The Problem With ‘The Last Tweet Of 2009′

I’ve been seeing lots of Businesses on Twitter saying “this is our last tweet of 2009″, mostly around December 22/23 – before the office closes for two weeks.

Given that Twitter is more about augmented reality than blogging (it’s even changed in some circles from ‘micro-blogging’ to ‘micro-media’), then isn’t saying “this is our last tweet of 2009″ like saying “this is our last conversation of 2009″?

Whilst you might say “this is my last blog post of 2009″, blogging isn’t the same as conversation, so when I see tweets like this, I realise there is a fundamental misunderstanding about Twitter’s use as a platform for ongoing conversation.

In my opinion, this suggests that conversation ends for special occasions, that we cease to talk to one another because it’s the New Yew, or a bank holiday. But the reality is that it is on holidays like Christmas that we talk more, so then why put Twitter away?

I faced this challenge myself on Christmas Day. Should I tweet, or not? Well, if tweeting is like work, then yes I should consider not tweeting. But if Twitter is augmenting my reality, and extending my relationships from just being those in close proximity, then why not wish Merry Christmas to people around the world through Twitter and Facebook?

Do you not use a mobile phone to text people on Christmas, or even call them? I’m not saying you don’t pay more attention to the people you’re spending the day with – but I wonder why many of us have this rather inconsistent and incongruent view.

The future is not set for less augmentation, but more. I certainly felt a few years ago that texting on Christmas day was somewhat rude, but now it’s common place. Should businesses, then, begin thinking like this too?

Perhaps you have a thought to add here?

Archived Comments

  • http://radsmarts.com Robin Dickinson

    Hey Scott,

    Are there two key points here?

    1) That businesses “switch off” for holidays, and

    2) That people misunderstand the ongoing conversation potential of Twitter.

    For example, my consulting business is closed from 24th Dec-4th Jan, but I have tweeted everyday.

    Thoughts?

    Robin

  • Scott Gould

    Robin- I think you see it better than I do. This is a very good way of
    understanding it.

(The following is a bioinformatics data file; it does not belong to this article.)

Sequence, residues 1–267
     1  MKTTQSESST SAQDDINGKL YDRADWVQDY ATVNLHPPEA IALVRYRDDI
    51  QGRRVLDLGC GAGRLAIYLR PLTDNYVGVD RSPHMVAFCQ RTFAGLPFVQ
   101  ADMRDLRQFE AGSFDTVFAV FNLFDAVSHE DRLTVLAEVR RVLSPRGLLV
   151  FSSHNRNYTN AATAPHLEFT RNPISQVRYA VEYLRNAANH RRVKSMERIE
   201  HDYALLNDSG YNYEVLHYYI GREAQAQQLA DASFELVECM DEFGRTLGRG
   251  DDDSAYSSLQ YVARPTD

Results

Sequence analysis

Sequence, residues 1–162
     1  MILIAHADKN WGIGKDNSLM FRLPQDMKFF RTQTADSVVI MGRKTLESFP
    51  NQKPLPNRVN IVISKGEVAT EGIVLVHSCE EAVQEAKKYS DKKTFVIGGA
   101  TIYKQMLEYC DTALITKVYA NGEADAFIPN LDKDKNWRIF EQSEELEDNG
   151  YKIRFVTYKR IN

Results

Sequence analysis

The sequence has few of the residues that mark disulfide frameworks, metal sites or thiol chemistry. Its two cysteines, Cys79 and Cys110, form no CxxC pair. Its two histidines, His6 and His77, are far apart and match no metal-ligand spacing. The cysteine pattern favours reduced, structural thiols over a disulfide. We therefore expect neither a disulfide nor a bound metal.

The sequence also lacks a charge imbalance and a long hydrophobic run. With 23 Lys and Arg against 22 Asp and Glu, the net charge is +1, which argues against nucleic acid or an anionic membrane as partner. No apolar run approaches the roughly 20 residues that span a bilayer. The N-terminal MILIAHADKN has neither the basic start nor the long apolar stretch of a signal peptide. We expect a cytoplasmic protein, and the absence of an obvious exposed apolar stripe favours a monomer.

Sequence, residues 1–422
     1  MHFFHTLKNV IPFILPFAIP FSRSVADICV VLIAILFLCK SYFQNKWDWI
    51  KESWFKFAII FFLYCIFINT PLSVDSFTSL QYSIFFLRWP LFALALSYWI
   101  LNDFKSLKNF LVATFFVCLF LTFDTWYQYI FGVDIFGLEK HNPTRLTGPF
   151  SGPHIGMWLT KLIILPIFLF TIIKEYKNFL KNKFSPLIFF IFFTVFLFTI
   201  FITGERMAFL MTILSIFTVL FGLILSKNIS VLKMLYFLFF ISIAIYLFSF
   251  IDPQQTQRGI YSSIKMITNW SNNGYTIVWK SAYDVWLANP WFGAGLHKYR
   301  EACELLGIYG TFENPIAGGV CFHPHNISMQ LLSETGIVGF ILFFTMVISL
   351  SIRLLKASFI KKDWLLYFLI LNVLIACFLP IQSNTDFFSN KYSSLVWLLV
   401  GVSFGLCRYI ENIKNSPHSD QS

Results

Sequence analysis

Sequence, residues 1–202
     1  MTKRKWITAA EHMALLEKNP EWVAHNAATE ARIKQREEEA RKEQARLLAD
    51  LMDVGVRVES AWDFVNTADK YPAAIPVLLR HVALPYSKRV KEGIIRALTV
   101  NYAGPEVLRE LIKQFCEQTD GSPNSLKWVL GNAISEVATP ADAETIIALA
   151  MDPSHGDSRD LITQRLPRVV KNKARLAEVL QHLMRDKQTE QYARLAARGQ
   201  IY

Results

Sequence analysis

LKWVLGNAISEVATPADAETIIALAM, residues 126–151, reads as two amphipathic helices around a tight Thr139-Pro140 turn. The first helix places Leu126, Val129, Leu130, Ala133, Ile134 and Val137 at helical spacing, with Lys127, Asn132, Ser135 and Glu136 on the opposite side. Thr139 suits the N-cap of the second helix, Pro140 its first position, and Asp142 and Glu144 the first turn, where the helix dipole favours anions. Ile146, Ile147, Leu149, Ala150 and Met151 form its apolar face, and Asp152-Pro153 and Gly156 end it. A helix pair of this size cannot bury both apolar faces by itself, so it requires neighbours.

What I was seeing was companies just deciding to ‘abandon’
    conversation for two weeks. This is a first-mile, jobs worth, good but
    not great, 9-5 mentality.

    As you say, just bc the business is closed doesn’t mean the
    conversation closes – but then the flawed, 1950s thinking says that it
    does

  • http://radsmarts.com Robin Dickinson

    The real opportunity for savvy business people is to leverage the technology to participate in the 24-7-365 on-going conversation. What was “share of voice” becomes “share of conversation”.

    How does a business develop a sustainable competitive advantage in the “always on” conversation? ‘Sustainable’ being the key word.

  • Scott Gould

    Bang on. Hit the nail on the head.

    However I do feel somewhat under qualified to answer your question.
    Sustaining a ‘always on’ mode of operation and conversation is
    something I’ve yet to implement for a client.

    If I look at the concept, it ties into my thoughts on ‘lifting
    restrictions’ – business should no longer (unless we are talking
    Luxury Brands) be limited by time, location, availability, etc

    Personally I’d like to hear your thoughts… :-)

  • http://radsmarts.com Robin Dickinson

    This is something I would really like to workshop for LikeMinds.

    ‘How to sustain the ‘always on’ customer conversation in a way that builds mutual value and competitive advantage.’

    Hmm – let’s skype it this week.

  • Scott Gould

    Now *that* is something I’ve got vision for :-)

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